Can balance function tests predict disability in older adults with peripheral vestibular hypofunction?
Author ORCID Identifier
Amie F. Jasper - https://orcid.org/0000-0003-2095-1025
Mary Blackinton - https://orcid.org/0000-0001-6847-6783
Joann Gallichio - https://orcid.org/0000-0003-3152-0431
Anne K. Galgon - https://orcid.org/0000-0003-1241-1192
Introduction: The Dizziness Handicap Inventory (DHI) is a 25-item self-assessment questionnaire used to evaluate perceived disability from dizziness. The predictive validity of Timed Up and Go (TUG), Dynamic Gait Index (DGI), and modified Clinical Test of Sensory Integration of Balance (mCTSIB) on disability as shown by DHI has not been established specific to older adults with peripheral vestibular hypofunction. The purpose of this study is to investigate if the TUG, DGI, and mCTSIB are significant and strong predictors of the disability from dizziness as represented by the DHI scores in older adults with peripheral vestibular hypofunction.
Methods: A Correlational, Retrospective Design was used to investigate the predictors of the DHI score. Data was collected retrospectively on the 17 patients in the main study ‘The Impact of Prescribed Walking on Dizziness in Seniors with Vestibular Hypofunction: A Pilot Randomized Controlled Trial’ and from physical therapy medical charts (n=24) from June 2015 to June 2018. Only medical charts of those 65 years and older who underwent vestibular physical therapy and contain all four outcome measures (DHI, DGI, mCTSIB, and TUG) were included in the study. Dizziness related to central nervous disorder were excluded.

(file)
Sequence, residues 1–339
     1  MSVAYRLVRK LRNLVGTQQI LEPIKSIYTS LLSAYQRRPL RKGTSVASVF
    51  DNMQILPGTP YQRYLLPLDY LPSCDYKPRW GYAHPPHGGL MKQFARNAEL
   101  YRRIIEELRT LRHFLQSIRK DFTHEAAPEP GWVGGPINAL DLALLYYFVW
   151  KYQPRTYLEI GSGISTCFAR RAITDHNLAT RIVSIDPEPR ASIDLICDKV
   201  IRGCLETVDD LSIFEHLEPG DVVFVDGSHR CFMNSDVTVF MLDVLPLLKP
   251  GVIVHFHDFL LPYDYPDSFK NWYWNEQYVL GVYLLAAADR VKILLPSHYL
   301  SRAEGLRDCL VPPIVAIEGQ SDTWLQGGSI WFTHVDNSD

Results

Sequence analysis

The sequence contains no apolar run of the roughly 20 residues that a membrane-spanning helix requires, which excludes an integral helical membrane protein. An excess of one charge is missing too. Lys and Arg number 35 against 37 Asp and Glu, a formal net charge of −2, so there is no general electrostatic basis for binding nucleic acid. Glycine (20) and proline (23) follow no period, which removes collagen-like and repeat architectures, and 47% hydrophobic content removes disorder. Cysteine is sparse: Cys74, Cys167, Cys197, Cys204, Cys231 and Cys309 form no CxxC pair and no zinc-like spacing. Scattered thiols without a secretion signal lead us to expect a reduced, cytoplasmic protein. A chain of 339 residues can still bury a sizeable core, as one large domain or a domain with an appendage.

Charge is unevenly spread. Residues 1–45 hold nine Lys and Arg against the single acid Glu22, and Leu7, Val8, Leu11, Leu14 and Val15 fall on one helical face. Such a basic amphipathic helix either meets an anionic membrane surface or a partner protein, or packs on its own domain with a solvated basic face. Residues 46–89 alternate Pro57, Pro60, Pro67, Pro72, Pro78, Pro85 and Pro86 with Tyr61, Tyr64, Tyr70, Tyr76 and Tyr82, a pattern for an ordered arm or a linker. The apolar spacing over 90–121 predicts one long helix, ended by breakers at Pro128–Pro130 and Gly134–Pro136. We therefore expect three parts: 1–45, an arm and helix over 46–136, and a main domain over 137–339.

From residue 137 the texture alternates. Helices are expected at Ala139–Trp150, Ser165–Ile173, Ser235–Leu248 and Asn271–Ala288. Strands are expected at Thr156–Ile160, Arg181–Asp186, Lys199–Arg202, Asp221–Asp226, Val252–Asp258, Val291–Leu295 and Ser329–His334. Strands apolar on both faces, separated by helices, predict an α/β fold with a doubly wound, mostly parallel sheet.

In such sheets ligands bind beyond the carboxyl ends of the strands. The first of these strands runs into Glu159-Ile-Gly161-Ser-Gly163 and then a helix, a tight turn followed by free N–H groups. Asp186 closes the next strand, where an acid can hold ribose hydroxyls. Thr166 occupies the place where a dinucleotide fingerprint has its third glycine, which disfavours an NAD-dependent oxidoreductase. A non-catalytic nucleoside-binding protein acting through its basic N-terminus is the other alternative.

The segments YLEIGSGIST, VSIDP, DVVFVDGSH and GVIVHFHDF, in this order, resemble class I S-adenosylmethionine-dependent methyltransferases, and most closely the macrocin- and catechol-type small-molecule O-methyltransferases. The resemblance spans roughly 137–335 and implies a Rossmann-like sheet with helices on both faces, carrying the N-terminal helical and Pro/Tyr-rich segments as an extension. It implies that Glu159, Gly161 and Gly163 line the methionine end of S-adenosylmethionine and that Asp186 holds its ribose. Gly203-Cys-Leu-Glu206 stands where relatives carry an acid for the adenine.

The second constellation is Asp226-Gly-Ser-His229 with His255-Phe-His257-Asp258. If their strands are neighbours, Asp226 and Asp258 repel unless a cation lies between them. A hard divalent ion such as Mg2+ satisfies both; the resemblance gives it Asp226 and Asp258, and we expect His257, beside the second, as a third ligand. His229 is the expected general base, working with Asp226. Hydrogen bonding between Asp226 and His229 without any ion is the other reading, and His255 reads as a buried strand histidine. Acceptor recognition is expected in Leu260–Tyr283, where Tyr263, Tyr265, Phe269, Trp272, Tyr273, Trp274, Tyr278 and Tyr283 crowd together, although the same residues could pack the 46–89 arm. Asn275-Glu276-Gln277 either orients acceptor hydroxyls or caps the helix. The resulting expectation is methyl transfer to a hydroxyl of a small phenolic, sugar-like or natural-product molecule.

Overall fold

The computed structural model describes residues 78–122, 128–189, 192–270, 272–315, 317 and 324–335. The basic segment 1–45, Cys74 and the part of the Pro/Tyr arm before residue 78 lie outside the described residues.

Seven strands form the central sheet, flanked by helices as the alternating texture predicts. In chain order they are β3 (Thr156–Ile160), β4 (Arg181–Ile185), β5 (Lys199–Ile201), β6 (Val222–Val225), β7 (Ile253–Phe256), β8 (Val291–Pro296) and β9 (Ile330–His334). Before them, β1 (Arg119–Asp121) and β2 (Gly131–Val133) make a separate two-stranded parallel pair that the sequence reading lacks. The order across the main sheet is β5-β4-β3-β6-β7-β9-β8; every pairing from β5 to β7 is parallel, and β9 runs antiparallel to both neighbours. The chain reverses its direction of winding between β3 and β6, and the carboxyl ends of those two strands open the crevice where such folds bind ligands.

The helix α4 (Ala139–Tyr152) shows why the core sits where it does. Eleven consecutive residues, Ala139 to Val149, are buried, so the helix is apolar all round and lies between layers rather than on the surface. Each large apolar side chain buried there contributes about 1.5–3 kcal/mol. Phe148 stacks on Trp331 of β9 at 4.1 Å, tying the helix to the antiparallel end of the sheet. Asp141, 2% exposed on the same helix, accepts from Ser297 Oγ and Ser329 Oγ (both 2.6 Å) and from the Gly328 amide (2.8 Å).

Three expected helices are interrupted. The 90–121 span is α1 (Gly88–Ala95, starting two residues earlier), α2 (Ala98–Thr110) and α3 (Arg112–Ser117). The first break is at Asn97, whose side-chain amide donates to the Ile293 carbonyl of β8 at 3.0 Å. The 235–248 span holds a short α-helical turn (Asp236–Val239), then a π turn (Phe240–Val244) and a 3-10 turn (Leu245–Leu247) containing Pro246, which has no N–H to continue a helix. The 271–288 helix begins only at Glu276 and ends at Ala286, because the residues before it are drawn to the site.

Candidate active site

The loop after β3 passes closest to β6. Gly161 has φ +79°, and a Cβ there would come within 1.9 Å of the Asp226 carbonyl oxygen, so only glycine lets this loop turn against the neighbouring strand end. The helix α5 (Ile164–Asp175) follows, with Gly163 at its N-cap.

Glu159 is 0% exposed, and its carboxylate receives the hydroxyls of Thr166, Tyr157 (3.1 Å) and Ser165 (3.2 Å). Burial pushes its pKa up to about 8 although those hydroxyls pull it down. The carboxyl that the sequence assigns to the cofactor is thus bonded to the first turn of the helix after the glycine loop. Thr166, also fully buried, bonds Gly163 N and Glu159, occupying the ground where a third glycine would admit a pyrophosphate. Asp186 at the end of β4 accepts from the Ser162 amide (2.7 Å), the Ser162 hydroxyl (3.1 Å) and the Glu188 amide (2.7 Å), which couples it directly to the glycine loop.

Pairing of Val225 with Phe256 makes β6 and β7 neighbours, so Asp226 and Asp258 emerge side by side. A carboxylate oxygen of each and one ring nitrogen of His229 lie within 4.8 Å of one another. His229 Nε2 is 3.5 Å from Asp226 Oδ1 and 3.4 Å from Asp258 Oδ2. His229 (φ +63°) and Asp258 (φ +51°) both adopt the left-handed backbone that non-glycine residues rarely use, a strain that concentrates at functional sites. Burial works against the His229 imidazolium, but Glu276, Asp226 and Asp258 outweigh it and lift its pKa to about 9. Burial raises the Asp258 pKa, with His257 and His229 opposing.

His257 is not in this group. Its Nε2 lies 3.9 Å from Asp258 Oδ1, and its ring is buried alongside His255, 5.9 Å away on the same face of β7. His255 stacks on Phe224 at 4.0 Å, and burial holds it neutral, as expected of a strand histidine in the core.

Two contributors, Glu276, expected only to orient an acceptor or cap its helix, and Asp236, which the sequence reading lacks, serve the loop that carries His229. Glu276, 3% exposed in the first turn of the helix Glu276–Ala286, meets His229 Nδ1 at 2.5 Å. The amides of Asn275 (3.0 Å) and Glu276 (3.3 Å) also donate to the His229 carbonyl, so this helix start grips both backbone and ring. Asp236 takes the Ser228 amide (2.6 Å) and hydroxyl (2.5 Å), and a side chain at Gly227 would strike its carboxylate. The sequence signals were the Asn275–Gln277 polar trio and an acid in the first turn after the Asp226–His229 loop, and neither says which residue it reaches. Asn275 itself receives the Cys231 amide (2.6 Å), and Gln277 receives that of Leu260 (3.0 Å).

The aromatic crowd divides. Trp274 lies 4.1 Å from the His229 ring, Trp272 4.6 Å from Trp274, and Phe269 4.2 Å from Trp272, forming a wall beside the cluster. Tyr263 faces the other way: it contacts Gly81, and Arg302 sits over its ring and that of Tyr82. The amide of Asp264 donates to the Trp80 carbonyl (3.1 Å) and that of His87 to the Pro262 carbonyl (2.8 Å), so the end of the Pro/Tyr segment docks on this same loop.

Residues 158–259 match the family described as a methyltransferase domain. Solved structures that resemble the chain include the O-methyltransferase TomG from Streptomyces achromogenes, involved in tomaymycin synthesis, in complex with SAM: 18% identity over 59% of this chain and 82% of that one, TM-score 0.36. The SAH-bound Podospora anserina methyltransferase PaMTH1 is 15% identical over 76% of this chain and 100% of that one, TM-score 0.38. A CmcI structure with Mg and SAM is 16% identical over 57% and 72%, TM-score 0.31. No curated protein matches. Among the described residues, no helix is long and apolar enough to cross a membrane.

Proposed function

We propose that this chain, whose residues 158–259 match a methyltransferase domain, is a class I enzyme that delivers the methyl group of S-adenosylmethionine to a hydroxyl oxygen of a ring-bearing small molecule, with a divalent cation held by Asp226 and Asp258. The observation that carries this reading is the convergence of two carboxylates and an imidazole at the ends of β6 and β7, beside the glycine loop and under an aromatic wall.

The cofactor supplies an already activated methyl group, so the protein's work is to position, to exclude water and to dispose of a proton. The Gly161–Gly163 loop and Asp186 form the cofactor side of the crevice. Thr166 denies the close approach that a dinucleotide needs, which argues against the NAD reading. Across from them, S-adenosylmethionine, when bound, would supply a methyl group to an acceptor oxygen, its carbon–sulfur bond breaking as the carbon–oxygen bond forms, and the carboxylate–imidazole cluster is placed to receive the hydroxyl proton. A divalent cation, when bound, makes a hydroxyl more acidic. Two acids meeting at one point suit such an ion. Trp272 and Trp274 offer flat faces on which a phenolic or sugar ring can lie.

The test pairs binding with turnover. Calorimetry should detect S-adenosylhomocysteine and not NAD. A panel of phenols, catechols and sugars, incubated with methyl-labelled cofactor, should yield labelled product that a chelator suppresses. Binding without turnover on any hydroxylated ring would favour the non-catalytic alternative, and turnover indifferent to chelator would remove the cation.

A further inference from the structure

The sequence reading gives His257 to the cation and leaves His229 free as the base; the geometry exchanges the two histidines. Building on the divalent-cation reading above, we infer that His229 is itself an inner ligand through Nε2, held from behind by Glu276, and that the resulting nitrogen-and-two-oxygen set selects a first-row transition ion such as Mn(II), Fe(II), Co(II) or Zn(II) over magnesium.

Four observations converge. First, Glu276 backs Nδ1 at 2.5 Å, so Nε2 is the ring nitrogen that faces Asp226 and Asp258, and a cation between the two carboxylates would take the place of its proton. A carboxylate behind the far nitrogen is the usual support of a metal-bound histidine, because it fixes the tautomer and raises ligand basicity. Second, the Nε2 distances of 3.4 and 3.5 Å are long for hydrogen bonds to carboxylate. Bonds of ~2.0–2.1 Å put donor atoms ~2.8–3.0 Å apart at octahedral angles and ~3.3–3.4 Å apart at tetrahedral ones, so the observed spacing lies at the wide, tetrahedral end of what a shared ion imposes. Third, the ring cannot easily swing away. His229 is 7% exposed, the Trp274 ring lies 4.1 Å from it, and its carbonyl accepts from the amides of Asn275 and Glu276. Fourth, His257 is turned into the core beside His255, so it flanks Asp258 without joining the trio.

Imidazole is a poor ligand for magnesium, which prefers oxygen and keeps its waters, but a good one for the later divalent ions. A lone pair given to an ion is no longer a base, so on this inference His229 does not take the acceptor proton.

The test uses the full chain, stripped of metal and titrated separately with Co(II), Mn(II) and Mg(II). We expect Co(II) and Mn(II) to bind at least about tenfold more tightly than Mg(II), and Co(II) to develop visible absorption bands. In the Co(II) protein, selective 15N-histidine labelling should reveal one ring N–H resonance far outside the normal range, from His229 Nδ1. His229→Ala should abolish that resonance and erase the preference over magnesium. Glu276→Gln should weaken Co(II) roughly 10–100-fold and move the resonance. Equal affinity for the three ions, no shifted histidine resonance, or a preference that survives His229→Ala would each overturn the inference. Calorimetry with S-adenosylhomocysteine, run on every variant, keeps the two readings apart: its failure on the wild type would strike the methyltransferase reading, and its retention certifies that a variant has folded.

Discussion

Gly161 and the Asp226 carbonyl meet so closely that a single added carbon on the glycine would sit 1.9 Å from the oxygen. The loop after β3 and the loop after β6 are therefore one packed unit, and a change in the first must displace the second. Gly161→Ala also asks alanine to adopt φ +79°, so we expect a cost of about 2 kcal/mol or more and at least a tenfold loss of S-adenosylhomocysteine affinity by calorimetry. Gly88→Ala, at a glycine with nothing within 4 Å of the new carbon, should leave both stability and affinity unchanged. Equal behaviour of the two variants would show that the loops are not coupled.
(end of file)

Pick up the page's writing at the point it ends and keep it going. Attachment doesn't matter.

Results: There was a significant fair inverse correlation between DHI and mCTSIB (r = -0.381, p = 0.01) and DGI (r = -0.322, p = 0.01), and a fair correlation with TUG (r = 0.396, p = 0.03). The mCTSIB, TUG, and DGI accounted for 10% of the variance in the DHI, however, this predictive relationship was not found to be significant.
Discussion: In this limited sample size, the TUG, DGI, and mCTSIB tests are not significant and strong predictors of dizziness-related disability as represented by the DHI scores in older adults with peripheral vestibular dysfunction. This study should be replicated as a large-scale prospective study with stratification of severity of dizziness to improve the generalizability of findings.
Jasper, A., Blackinton, M., Gallichio, J., Galgon, A. (2022). Can balance function tests predict disability in older adults with peripheral vestibular hypofunction? Philippine Journal of Physical Therapy, 1(1):16-24. https://doi/10.46409/002.CRLW5593